Photo by Gideon Markowicz/TPS on 21 April, 2024

People Make Pots and Pans Kosher for Passover Use on the Eve of the Holiday

Holidays By TPS   •   22 April, 2024

Jerusalem, 22 April, 2024 (TPS) -- Koshering dishes in a street in Tel Aviv, in preparation for Passover Holiday, by using a propane blowtorch and immersing in boiling water.

Some people keep a second set of dishes just for Passover. This is because pots, pans, dishes, utensils, and so forth that are used during the year come into contact with chamtez – anything that is not kosher for Passover. And so, it may not be used on Passover.

But not everyone can keep a second set of kitchen utensils hidden away all year long just for use on Passover. And so, they must “kosher” their pots, pans, etc.

This means purifying the items in fire or boiling water. Doing so, makes them neutral again, as if they had never been used when it comes to kosher status.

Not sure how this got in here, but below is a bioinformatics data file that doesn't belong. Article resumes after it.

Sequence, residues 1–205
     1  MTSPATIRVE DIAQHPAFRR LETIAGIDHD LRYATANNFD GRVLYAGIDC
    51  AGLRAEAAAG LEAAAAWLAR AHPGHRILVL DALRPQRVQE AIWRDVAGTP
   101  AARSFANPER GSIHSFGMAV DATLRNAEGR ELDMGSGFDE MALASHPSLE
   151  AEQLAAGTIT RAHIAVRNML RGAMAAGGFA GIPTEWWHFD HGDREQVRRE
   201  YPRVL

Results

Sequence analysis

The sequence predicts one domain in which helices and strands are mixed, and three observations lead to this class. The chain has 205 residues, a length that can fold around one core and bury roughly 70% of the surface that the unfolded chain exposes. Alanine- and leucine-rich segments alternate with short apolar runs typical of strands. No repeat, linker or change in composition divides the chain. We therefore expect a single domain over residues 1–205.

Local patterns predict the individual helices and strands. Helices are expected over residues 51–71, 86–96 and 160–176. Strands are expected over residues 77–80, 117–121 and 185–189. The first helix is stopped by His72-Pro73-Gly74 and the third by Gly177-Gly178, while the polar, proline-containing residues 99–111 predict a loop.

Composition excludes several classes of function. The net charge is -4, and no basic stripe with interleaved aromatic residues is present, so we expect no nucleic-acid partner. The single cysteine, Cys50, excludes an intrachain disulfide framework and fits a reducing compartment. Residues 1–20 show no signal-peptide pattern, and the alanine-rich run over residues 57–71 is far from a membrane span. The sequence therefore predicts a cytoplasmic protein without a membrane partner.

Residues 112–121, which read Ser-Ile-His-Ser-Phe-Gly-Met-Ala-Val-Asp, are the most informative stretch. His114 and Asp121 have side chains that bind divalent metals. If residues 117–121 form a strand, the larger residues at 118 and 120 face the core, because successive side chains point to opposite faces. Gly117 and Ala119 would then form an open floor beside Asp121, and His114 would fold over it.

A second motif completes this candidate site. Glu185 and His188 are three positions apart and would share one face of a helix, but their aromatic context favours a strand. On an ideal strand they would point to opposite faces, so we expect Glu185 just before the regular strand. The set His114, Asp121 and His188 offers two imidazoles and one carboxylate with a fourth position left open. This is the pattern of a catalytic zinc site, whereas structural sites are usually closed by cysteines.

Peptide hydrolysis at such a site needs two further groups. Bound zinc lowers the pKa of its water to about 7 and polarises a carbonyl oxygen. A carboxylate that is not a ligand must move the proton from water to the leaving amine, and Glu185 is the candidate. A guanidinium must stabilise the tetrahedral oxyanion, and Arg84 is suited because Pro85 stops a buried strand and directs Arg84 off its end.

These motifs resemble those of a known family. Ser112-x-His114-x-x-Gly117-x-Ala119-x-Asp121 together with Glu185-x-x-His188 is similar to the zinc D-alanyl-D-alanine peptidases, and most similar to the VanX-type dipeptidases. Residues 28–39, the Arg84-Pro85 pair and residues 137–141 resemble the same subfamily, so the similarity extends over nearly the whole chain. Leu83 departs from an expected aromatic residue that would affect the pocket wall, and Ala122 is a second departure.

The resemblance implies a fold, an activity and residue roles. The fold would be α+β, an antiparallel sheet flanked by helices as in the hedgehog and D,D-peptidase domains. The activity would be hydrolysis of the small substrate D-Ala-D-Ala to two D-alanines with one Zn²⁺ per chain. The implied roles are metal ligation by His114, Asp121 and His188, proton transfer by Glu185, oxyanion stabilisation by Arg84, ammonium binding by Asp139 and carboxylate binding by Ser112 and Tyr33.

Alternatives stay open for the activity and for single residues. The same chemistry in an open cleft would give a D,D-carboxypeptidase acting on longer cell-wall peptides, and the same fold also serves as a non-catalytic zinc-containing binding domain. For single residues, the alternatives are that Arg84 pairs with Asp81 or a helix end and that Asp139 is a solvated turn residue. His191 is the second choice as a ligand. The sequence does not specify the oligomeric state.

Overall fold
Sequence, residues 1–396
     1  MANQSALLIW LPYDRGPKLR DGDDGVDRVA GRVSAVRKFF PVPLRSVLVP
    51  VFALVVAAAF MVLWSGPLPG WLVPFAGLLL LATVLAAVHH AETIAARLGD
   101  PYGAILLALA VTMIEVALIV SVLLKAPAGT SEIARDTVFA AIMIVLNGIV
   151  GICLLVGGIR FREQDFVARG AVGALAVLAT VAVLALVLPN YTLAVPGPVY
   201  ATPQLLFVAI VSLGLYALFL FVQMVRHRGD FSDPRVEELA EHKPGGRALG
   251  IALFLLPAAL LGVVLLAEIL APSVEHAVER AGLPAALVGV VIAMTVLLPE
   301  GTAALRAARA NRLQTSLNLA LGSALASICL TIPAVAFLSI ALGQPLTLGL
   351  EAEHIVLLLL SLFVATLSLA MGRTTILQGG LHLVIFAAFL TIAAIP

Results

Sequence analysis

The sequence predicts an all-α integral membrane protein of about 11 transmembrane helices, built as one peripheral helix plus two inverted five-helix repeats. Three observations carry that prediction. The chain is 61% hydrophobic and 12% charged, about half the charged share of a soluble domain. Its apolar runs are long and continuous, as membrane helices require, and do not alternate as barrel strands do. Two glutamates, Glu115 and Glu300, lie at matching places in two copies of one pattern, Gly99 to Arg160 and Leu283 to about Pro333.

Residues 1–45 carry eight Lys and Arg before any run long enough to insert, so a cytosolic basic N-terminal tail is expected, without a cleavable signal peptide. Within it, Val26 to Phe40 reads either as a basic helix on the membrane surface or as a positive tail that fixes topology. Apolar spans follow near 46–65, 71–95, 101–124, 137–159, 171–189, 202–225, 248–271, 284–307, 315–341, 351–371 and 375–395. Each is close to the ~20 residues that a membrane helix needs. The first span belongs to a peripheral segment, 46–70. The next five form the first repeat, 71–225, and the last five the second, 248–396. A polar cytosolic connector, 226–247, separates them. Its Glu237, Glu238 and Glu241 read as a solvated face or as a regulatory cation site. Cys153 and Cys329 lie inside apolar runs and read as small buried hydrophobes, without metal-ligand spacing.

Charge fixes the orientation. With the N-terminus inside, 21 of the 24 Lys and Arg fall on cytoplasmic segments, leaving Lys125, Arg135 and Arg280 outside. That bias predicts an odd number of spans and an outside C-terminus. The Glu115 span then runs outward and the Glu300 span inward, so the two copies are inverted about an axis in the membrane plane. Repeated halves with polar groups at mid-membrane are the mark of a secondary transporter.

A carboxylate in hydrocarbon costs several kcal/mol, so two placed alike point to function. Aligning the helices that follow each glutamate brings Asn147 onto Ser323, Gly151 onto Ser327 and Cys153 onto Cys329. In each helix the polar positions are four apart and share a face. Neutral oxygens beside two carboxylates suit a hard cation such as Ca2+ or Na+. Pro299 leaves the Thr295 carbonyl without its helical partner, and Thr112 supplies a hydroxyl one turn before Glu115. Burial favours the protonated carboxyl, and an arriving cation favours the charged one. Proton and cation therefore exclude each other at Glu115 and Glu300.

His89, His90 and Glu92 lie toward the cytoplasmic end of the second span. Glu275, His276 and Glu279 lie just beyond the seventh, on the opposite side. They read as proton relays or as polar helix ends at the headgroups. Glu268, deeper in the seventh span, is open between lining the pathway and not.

But this only applies to metal objects. Anything made from wood or porcelain cannot be made kosher for Passover.

In this photo, a man can be seen holding a frying pan just after it was dipped in boeing water.

The process has extra benefits to it in that something that was not kosher at all is made kosher in this way as well. Or if it was used for meat before, it can now be used for dairy, etc., since the rules of kashrut require the separation of meats and dairy.

Passover begins Monday night at sundown around the world. It lasts for one week.

Tel Aviv, Apr 21, 2024.
Photo by Gideon Markowicz/TPS